Politics

Business
3:00 pm
Fri April 4, 2014

Expecting A Spring Thaw, Shops And Restaurants Warm To Hiring

Employment and wages are increasing, along with hopes for more consumer spending, analysts say.
Matt Rourke AP

Originally published on Fri April 4, 2014 3:37 pm

As winter loosens its grip, employers are taking on more help.

Hotels, bars and restaurants added 33,000 workers, while retailers tacked on 21,000 jobs in March, the Labor Department said Friday. Economists say those increases suggest employers are growing more confident that Americans will be spending more this year.

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Fine Art
3:00 pm
Fri April 4, 2014

From Stick Figures To Portraits, Bush Frees His Inner Rembrandt

A portrait of Russian President Vladimir Putin is on display at the George W. Bush Presidential Library and Museum in Dallas.
Benny Snyder AP

Originally published on Tue April 15, 2014 2:26 pm

Former President George W. Bush worked with many world leaders while in office. Now, he's unveiling 24 portraits he painted of some of them. As Lauren Silverman of KERA reports, the exhibit will be at his new presidential library.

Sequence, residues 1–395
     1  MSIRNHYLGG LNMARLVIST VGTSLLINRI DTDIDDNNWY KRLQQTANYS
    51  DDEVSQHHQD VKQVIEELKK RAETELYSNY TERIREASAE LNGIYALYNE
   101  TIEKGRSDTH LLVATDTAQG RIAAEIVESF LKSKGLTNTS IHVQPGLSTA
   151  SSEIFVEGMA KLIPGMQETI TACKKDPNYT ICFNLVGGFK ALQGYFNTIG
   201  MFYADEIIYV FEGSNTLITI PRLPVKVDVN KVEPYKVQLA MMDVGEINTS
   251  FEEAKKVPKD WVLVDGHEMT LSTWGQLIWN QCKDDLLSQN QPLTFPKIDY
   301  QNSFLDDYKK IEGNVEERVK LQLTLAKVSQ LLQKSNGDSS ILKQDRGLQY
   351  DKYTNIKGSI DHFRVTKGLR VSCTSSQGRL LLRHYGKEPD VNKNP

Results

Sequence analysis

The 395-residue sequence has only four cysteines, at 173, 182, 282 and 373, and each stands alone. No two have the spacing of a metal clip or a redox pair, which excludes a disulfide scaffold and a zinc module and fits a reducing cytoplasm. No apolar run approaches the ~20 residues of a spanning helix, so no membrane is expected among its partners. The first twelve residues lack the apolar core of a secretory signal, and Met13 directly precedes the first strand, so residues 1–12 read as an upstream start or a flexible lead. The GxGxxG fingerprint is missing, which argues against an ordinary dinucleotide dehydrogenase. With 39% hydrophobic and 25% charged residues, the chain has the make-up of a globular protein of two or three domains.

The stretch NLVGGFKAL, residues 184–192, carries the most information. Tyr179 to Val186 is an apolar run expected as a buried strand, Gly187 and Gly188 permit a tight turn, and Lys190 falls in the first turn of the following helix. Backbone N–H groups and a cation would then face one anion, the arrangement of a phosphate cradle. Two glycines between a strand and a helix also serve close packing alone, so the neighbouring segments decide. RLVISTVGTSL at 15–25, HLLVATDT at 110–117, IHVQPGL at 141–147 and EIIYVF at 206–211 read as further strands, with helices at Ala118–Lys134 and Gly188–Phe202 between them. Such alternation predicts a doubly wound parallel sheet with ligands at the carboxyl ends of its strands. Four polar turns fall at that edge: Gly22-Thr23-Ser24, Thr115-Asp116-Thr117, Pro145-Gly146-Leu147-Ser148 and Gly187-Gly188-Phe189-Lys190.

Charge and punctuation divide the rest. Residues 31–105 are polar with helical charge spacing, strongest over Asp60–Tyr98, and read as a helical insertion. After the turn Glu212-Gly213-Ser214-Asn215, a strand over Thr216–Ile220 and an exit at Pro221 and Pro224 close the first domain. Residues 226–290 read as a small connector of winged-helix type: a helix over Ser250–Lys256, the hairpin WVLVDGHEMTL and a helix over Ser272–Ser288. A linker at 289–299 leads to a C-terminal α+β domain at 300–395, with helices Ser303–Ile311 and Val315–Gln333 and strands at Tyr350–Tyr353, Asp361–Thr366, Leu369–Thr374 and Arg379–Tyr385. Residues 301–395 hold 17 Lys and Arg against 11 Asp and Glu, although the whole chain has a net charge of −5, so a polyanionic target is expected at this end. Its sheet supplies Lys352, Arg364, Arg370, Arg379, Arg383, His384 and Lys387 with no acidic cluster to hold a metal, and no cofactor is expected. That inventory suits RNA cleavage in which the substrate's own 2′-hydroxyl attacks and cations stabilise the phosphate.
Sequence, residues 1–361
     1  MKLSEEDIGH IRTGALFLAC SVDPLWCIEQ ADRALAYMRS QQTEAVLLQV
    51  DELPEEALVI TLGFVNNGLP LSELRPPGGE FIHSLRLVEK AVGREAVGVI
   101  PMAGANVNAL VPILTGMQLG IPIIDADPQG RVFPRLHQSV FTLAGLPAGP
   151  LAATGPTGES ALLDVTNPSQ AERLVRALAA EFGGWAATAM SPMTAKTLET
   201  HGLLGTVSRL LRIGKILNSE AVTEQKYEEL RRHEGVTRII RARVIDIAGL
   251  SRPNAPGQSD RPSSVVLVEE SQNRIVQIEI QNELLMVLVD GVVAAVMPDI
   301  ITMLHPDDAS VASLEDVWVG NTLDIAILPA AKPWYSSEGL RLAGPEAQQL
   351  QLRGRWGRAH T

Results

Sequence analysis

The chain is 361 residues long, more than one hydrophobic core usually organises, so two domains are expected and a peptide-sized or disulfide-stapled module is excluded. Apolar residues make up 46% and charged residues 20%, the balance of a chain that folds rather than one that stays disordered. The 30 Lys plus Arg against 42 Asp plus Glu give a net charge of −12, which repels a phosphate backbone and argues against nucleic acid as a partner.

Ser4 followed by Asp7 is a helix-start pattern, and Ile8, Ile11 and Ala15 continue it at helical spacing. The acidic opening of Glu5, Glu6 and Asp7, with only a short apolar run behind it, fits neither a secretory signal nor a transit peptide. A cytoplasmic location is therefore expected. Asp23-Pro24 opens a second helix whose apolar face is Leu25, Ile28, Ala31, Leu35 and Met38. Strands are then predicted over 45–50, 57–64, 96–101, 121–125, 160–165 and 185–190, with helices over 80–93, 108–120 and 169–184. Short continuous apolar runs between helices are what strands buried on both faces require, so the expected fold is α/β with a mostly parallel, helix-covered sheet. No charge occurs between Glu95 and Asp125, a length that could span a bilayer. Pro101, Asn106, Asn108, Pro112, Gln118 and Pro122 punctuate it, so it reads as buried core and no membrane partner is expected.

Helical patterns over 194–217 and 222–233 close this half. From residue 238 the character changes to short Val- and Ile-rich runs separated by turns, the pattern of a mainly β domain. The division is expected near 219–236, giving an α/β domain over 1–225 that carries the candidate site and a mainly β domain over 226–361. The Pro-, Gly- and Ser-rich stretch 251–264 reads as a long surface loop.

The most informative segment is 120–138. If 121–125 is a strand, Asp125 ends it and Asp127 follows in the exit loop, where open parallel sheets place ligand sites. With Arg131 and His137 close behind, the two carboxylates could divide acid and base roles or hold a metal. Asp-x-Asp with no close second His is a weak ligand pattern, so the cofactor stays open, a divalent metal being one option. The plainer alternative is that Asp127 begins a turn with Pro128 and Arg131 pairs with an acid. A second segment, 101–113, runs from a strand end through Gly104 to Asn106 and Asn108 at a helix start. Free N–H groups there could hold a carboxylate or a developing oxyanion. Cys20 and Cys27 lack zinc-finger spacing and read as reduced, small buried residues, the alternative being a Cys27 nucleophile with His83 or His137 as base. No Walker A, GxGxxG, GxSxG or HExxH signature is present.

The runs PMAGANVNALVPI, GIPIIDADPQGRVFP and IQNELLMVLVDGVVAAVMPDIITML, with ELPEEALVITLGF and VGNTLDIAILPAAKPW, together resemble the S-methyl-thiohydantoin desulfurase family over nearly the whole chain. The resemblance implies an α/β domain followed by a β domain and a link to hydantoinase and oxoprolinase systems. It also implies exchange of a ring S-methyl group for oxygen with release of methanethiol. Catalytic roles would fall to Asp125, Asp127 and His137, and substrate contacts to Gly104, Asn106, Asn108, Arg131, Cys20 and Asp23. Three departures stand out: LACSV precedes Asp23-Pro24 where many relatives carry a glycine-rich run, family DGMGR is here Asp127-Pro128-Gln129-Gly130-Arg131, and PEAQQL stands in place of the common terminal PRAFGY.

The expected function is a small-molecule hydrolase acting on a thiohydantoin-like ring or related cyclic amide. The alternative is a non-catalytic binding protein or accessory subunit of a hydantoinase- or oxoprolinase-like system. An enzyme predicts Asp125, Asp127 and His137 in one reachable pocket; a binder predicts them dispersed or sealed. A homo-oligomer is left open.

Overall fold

Copyright 2014 NPR. To see more, visit http://www.npr.org/.

Transcript

MELISSA BLOCK, HOST:

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Economy
2:17 pm
Fri April 4, 2014

Life Without Jobless Benefits: Watching, Searching And Praying

Josie Maisano poses with her congressman, Democrat Sander Levin of Michigan. Levin says if Congress can't respond to people like Maisano, "we've failed."
Tamara Keith NPR

Originally published on Fri April 4, 2014 5:11 pm

There's a small frame hanging on the wall near the computer Josie Maisano uses to search for work. Inside there's a picture of her at this year's State of the Union address and a blue ribbon that Democrats wore that night to highlight the plight of people like Maisano, whose unemployment benefits stopped at the end of December.

"Oh, my God. It was just a once-in-a-lifetime experience," says Maisano. "Listening to President Obama, it was just very, very heartwarming."

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Commentary